covers a vast portion of eastern Washington state, including parts of Whitman, Adams, Lincoln, and Spokane counties in Washinton, and Latah County in Idaho. It is bounded on the east by the Palouse range, which are really just the foot hills of the Clearwater Mountains. To the west of these are a series of buttes, which are of the same or similar geologic base as the eastern mountain range. Along the western border lie the Channeled Scablands, formed by repeated and large scale glacial flooding. The floods which carved the scablands carried with them tons of glacial silt which they deposited, forming the basis for the palouse hills, which cover the rest of the region. These are basically extensive sand dunes; the wind serving the same function as with sand dunes to transport and shape these glacial silts. If you want further technical/geologic explanation of the region, go ask a geologist.

Historically, the Palouse being a fertile and gentle-weathered sort of area, were pretty popular among the Native Americans, and among the tribes that made their homes there were the Nez Perce (heard of them, eh?) and the Palus, who gave their name to the region, and the horses they bread for plains living, the Appaloosa. It was also an appealing place for settlers, primarily due to the same reasons, so you'll probably get very different stories about the history of the area, depending on who you ask..

Currently the hills are almost entirely given over to farmland, where they produce mostly wheat and legumes, being the biggest producers of lentils in the country. (They even have a lentil festival.) Ecologically this is devastating. The region naturally gets very little rainfall, and the combination of heavy irrigation and the irregularly shaped and often steep hillsides causes drastic erosion problems, and other imbalances in soil makeup etc, and this doesn't even get into the decimation of native plant and animal species because of the heavy agricultural focus. If you want to know more, go ask an ecologist.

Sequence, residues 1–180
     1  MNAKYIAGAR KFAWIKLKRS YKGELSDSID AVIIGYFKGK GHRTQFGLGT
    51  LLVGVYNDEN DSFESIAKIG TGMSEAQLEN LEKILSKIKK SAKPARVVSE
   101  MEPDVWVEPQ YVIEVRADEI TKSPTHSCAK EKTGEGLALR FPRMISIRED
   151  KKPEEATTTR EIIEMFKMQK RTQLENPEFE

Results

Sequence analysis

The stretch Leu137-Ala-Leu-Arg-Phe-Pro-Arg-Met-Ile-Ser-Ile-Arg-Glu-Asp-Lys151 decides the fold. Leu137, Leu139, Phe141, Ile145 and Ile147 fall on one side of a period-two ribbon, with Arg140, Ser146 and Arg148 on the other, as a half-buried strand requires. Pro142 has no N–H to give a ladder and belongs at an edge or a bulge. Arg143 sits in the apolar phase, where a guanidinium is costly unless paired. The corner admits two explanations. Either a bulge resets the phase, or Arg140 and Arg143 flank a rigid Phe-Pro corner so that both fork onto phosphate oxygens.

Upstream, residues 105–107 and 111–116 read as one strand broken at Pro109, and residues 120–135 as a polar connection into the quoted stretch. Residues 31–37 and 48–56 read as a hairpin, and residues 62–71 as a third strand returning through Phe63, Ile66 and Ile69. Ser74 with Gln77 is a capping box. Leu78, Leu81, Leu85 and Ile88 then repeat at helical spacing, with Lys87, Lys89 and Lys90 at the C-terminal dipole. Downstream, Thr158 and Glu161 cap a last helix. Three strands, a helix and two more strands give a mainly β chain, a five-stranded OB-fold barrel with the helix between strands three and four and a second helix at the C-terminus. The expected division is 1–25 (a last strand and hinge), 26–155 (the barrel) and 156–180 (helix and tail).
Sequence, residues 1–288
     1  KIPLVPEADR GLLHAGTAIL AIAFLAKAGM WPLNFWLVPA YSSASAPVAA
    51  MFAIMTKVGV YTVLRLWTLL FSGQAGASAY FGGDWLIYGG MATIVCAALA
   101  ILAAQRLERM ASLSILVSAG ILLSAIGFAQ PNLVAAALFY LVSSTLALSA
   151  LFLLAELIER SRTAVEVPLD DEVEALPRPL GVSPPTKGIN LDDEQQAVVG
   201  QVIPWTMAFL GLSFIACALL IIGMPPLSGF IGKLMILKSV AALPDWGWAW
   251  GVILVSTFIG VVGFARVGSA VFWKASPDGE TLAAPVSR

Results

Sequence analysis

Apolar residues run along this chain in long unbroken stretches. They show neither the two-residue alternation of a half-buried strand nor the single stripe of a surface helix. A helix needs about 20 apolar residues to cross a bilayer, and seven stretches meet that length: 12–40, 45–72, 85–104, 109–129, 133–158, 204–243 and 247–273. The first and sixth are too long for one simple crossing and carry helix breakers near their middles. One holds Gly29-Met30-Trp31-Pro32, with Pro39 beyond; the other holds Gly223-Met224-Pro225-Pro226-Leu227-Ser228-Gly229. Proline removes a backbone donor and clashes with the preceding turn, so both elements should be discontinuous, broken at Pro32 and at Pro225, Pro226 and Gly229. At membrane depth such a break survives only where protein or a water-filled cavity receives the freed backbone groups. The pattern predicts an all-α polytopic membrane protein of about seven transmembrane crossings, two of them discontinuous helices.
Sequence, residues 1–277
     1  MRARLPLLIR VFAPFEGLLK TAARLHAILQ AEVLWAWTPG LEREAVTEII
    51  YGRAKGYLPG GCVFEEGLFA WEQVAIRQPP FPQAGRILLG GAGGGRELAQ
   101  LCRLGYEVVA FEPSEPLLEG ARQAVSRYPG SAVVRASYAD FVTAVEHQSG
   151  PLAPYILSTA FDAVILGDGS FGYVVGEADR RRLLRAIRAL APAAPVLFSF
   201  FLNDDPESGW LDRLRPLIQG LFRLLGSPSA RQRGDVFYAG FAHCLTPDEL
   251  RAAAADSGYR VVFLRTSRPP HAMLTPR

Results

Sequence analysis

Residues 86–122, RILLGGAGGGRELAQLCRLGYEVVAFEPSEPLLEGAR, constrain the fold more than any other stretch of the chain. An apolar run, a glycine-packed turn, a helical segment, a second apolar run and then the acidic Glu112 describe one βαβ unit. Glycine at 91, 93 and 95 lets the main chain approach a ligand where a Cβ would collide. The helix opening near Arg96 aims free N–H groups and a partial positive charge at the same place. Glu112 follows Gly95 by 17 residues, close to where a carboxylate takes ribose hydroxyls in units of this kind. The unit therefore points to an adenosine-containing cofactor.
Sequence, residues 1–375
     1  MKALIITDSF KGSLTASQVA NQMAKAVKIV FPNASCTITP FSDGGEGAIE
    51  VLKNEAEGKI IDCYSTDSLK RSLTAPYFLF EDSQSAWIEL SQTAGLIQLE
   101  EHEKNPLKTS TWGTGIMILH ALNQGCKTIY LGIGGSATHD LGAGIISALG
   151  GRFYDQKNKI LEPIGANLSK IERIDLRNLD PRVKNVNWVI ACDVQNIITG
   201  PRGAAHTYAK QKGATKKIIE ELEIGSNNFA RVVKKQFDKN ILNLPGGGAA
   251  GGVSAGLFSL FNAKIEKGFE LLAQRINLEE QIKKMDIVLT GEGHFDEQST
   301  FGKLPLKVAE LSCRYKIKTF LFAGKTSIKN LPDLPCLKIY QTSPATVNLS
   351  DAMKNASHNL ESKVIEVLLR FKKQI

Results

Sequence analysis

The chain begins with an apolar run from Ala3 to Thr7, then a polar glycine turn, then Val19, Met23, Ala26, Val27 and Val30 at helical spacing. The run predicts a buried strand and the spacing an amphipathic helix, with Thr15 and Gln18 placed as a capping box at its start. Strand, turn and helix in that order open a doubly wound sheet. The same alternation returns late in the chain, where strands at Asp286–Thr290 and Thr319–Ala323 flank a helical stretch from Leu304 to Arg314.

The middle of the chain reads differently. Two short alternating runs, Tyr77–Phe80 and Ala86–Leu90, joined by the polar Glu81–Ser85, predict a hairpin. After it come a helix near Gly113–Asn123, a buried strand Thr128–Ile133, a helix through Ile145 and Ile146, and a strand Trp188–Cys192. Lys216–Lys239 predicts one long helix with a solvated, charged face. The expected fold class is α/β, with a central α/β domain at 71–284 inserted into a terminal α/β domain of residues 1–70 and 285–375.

Aesthetically, the hills become emotion. They drive straight into the back of your head. They swallow you up and the wind howls past you, trying to pry you from its grip of teeth. And devils swirl by unable to touch you in the breast of the land. And the hills move on, they sweep and tumble. They mirror the wind. Their contour outlined in row after row of wheat or lentil or deep churned earth. It is a living topo map.


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